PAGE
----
James Garner April 7, 1928 - July 19, 2014

James Garner April 7, 1928 - July 19, 2014
James Garner April 7, 1928 - July 19, 2014 He wanted to be remembered with a smile.

The Garner Files

The Garner Files
If you've read this book, click the image and tell the publisher what you thought about it. If you haven't read this book, what are you waiting for!

Thursday, April 10, 2008

Grand Prix gave him an appetite for speed

The North Bay Nugget - Ontario, CA

Posted By malcolm gunn

Posted 1 day ago

The opening scene of the 1966 flick Grand Prix featured actor James Garner in one of the most memorable movie moments of all time.

The green flag drops amid a deafening roar of Formula One machinery. A blur of drivers in their tube-shaped metal envelopes begin their full-scale assault on the streets of Monte Carlo. Split-screen images projected onto the oversized curved Cinerama screen provides an
all-too-real sense of riding along with the drivers as they frantically jockey for position. Suddenly, in a split-second, two cars collide and you're watching, wide-eyed, as one car violently catapults off course - straight into Monaco's yacht-filled harbour. Fortunately, the hero Pete
Aron, played in his usual easy-going style by
James Garner, escapes his metal coffin, gasping for air as a trio of scuba divers swims to his aid.

Pure Hollywood fantasy? Well, not exactly. What Grand Prix director John Frankenheimer chose for his movie's opening sequence happened to real-life driver Alberto Ascari at that very spot 11 years earlier while he was leading the event.

For Garner, working on Grand Prix became an example of life imitating art. As a result of the movie he would become hooked on racing and remain actively involved in the sport for many years after this ground-breaking movie was in the can.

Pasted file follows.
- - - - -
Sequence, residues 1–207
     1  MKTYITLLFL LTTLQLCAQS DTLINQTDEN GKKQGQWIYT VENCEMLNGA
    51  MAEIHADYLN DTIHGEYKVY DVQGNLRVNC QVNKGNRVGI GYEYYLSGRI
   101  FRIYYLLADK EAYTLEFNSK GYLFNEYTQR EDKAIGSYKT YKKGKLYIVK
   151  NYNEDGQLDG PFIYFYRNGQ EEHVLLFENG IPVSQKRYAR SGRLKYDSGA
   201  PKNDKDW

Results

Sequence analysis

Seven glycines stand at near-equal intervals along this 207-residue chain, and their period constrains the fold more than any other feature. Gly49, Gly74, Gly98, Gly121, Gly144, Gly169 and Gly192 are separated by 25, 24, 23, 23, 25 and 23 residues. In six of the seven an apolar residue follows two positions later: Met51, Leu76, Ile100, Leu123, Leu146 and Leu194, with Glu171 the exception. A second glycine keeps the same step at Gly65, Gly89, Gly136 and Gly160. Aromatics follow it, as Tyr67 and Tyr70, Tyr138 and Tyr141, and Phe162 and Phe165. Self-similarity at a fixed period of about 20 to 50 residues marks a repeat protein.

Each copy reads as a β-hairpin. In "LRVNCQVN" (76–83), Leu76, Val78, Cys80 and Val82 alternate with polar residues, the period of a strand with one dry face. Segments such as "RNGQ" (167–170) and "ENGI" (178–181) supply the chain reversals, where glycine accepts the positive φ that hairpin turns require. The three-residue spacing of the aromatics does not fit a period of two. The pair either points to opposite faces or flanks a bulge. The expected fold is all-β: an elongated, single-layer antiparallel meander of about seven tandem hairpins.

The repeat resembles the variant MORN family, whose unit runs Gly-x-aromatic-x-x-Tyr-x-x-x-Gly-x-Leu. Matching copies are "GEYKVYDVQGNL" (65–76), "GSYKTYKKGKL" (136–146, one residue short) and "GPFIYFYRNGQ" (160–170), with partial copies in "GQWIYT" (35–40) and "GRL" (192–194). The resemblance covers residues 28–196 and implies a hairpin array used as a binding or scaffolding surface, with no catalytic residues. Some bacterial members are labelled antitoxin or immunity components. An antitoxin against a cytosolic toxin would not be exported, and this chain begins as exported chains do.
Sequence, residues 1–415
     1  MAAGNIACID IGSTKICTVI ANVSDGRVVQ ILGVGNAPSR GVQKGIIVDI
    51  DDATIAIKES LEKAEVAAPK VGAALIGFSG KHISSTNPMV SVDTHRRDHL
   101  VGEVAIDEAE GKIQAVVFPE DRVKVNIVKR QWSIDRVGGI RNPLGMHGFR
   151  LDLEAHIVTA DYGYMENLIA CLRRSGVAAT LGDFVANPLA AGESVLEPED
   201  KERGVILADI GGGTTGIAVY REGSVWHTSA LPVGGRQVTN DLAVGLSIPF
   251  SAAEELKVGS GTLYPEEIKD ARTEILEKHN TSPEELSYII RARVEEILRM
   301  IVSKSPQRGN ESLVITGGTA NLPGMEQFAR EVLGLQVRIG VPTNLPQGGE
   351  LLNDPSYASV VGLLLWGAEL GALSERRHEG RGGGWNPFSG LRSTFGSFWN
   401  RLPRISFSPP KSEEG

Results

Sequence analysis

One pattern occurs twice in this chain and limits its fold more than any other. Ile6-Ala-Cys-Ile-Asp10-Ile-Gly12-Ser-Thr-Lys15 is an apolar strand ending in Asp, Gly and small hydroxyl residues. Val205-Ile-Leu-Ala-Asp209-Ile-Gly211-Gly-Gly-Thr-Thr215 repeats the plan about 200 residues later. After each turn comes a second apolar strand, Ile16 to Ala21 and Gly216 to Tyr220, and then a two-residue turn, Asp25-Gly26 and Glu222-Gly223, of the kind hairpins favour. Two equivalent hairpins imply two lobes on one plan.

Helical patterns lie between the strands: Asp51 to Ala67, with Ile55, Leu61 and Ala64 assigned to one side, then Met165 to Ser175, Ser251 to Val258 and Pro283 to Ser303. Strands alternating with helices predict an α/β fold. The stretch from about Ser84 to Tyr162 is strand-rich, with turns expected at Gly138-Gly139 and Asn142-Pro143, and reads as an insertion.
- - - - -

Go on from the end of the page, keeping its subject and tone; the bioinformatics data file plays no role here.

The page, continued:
Garner's interest in fast cars goes back to his pre-acting days. Born James Scott Bumgarner in 1928, the Norman, Okla., native was driving hot rods around town as a teenager. But this carpet layer's son couldn't afford his own wheels, so he was usually piloting one of his
buddies' modified jalopies.

Following minor stage and small-screen roles, Garner's first of many breaks came in 1957 when he starred in the TV western series, Maverick. After four successful years, he moved to the big screen, where he played the leading man in a number of fluffy romantic comedies
before landing a major role in The Great Escape. This real-life movie vaulted the suave and debonair Garner into bona fide superstar status.

Grand Prix director Frankenheimer actually wanted Steve McQueen for lead roll as Pete Aron, but the deal fell through after a rocky interview that Frankenheimer was unable to attend.

Garner, who badly wanted the part, was picked.

Before shooting began, Garner took lessons from Bob Bondurant, a successful Grand Prix and sports car driver who would eventually begin his own high-performance driving school. Garner followed that with a session at the Jim Russell Driving School in England where he was
joined by some of the other principal actors. The Russell experience taught him plenty, including the fact that the lanky six-foot-three actor was too big to comfortably fit inside the cockpit of a Grand Prix race car. Garner immediately went on a diet, managing to lose nearly 10 kilograms. Even then, he had to drive with the seat removed from the car so his head would be lower than the roll bar.

Frankenheimer's $8-million epic began shooting in late May 1966. The director employed many well-known Formula One stars as background actors, including Graham Hill, Dan Gurney, Jochen Rindt, Chris Amon and Bruce McLaren.

Some of these drivers were also hired to drive camera vehicles that would chase the mostly fake Grand Prix race cars specially constructed by Jim Russell for the movie.

During production, Garner's skill behind the wheel impressed many of the racers involved in the project. Grand Prix opened in late 1966 to rave reviews. Not only was the film exciting to watch on the giant screen, its special effects and camera techniques created specifically for the movie were technical breakthroughs that are still in use today.

Article ID# 977843

No comments:

Post a Comment